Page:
David DuBois

It's the other way round in this country, unless you go to a specialist engineering supplier most taps and dies supplied to the DIY market are carbon steel, and if it doesn't have HSS engraved on it it's carbon steel.
David, sorry to disagree with you but to the best of my knowledge there are no BA threads on an MGB these small threads are deignated 10-32 UNF and are very close to 2BA but have 32tpi whereas 2BA has 31.35 tpi and a slightly different thread angle 60 instead of 47.5 degrees.
Ron [the screw thread anorak!]
R. Algie

UNF and UNC as others have said. Mostly UNF but certainly some UNC on starter bolt, gearlever etc.
How you buy depends a little on your view of tools; one off necessities or a collection perhaps for the longer term.
You'll need several sizes and just buying those loose from a specialist will cost as much if not more than a set from a more general supplier.
I bought this set recently for work on my B and it is of excellent quality with very nicely ground pieces,


Ron - I agree that 2BA and 10-32 are so close in size and thread count that they can be used interchangably, but I can't agree with no 2BA fasteners used in MGBs. The carburetors and fuel pump both use 2BA screws and the fuel pump also uses 4BA screws on one of the covers. There are also a few odd BSF, BSP and BSC threads to be found in even the latest 18V engines and on the shocks. Those threads shouldnt give anyone any trouble unless they do a lot of engine work, but the carburetors ond fuel pumps do need the occasional thread chased unless one is going to replace them with 10-32. Cheers - Dave
PS - I used to use 10-32 helicoils to repair bad threads in fuel pumps that I restored until I finally got a 2BA recoil kit from Uni-Thread.
David DuBois

Just to afirm David's input--the throttle adjustment screws on the HS4 carbs are certainly BA threads. Check archives under "Throttle screws", I believe.
Paul Hanley

Sorry, I should have said Carbon steel. For what tap & die sets sell for it's foolish not to buy a complete set with both coarse and fine.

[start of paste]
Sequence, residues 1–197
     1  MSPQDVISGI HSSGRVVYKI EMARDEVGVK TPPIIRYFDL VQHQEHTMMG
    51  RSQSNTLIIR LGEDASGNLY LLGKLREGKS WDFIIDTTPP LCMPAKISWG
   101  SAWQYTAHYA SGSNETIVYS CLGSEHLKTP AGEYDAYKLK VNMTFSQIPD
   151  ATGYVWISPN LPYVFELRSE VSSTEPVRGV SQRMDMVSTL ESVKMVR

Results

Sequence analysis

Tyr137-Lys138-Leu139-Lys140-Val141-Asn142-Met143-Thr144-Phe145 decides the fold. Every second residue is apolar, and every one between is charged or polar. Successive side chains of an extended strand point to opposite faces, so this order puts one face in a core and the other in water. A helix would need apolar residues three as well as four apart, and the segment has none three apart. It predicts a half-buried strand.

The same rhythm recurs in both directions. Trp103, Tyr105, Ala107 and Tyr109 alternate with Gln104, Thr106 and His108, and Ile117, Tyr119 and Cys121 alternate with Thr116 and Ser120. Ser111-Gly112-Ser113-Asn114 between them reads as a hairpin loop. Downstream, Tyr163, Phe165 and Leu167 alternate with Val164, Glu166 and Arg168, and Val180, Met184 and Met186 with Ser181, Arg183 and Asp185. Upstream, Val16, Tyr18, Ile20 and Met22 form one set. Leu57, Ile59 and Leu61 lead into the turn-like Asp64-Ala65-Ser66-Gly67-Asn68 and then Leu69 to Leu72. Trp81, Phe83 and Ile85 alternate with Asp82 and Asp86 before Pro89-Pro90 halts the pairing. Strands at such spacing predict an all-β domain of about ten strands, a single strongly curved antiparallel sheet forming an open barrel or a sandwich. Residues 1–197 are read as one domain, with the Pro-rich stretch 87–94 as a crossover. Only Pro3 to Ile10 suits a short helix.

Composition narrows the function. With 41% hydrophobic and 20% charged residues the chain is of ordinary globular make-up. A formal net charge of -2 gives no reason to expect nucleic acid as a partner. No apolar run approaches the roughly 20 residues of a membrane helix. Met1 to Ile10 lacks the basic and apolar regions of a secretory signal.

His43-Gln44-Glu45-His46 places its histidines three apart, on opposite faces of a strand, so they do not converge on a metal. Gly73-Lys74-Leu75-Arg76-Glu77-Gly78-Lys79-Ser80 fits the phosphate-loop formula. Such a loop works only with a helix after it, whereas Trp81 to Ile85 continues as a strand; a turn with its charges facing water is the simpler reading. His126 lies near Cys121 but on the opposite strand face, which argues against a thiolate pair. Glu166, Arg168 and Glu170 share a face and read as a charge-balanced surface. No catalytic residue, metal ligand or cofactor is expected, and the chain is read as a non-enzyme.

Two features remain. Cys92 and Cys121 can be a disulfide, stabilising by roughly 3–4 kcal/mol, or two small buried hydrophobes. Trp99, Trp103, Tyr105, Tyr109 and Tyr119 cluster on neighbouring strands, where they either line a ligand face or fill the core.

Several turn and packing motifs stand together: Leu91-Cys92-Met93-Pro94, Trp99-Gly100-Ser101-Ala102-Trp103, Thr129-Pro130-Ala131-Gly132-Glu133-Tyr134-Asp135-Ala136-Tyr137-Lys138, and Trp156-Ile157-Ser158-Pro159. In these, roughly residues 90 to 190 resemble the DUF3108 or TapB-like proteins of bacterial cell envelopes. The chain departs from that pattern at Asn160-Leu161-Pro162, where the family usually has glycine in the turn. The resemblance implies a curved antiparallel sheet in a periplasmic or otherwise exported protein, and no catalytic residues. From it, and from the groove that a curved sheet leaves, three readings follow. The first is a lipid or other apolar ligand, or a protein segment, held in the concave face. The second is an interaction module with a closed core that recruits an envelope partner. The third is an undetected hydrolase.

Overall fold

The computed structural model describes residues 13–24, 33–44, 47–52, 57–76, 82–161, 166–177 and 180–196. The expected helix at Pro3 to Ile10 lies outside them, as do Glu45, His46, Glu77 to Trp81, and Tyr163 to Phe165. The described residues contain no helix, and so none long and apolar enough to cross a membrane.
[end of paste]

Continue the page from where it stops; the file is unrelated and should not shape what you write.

Mike MaGee

I seem to recall quite a few UNC threads on the engine (head studs etc), so if you are planning to rebuild that then I'd suggest getting the relevant UNC taps as well as UNF.

I D Cameron

Apologies, forgot about the carbs being BA, but in 35 years or so of messing about with old cars I don't think I've ever had to use a BA tap or die, and I've a full set from 0-12 for model engineering, in fact going back to the original question I've hardly ever had to use a tap at all of any size in all that time, probably the cheapest option is to make a thread chaser from a high tensile bolt, cut a couple of hacksaw drifts longitudinally along the thread, and it'll clean up most threads unless they're badly damaged.
R. Algie

Ron - In many cases (especially in aluminum) the thread chaser is probably the prefered (not to mention safer) thing to use to clean out old threads. I have wound up having the threads in the aluminum fuel pump bodies foul in the taps and have had to repair an otherwise usable thread from running a tap through it to clean up the last 10% of the thread (I don't do that anymore). Thanks for the hint. Dave
David DuBois

This thread was discussed between 15/08/2005 and 17/08/2005